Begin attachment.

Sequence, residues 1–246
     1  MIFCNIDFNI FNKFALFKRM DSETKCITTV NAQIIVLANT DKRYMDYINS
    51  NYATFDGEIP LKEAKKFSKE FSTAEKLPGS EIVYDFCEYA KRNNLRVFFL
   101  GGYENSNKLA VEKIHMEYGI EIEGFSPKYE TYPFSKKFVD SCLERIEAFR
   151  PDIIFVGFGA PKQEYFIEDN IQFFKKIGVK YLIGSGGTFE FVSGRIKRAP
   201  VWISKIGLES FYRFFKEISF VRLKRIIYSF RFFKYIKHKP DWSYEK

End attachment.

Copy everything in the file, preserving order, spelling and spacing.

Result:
Sequence, residues 1–246
     1  MIFCNIDFNI FNKFALFKRM DSETKCITTV NAQIIVLANT DKRYMDYINS
    51  NYATFDGEIP LKEAKKFSKE FSTAEKLPGS EIVYDFCEYA KRNNLRVFFL
   101  GGYENSNKLA VEKIHMEYGI EIEGFSPKYE TYPFSKKFVD SCLERIEAFR
   151  PDIIFVGFGA PKQEYFIEDN IQFFKKIGVK YLIGSGGTFE FVSGRIKRAP
   201  VWISKIGLES FYRFFKEISF VRLKRIIYSF RFFKYIKHKP DWSYEK